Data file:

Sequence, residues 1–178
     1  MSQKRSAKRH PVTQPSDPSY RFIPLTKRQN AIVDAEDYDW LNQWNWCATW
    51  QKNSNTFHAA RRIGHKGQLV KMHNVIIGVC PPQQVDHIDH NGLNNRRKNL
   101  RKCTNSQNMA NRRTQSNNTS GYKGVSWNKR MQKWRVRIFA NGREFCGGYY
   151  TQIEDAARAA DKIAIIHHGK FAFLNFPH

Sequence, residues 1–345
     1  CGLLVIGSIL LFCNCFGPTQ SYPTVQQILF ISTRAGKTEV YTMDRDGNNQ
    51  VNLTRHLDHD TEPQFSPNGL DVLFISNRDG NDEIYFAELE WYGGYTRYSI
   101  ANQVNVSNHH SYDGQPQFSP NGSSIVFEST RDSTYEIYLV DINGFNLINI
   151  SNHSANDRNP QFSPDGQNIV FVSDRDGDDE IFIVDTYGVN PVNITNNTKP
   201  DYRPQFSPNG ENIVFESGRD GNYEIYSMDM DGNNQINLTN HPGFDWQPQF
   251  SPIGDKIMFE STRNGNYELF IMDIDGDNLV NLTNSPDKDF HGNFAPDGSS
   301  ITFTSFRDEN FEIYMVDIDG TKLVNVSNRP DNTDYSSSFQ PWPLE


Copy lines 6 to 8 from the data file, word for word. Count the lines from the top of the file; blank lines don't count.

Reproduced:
Sequence, residues 1–345
     1  CGLLVIGSIL LFCNCFGPTQ SYPTVQQILF ISTRAGKTEV YTMDRDGNNQ
    51  VNLTRHLDHD TEPQFSPNGL DVLFISNRDG NDEIYFAELE WYGGYTRYSI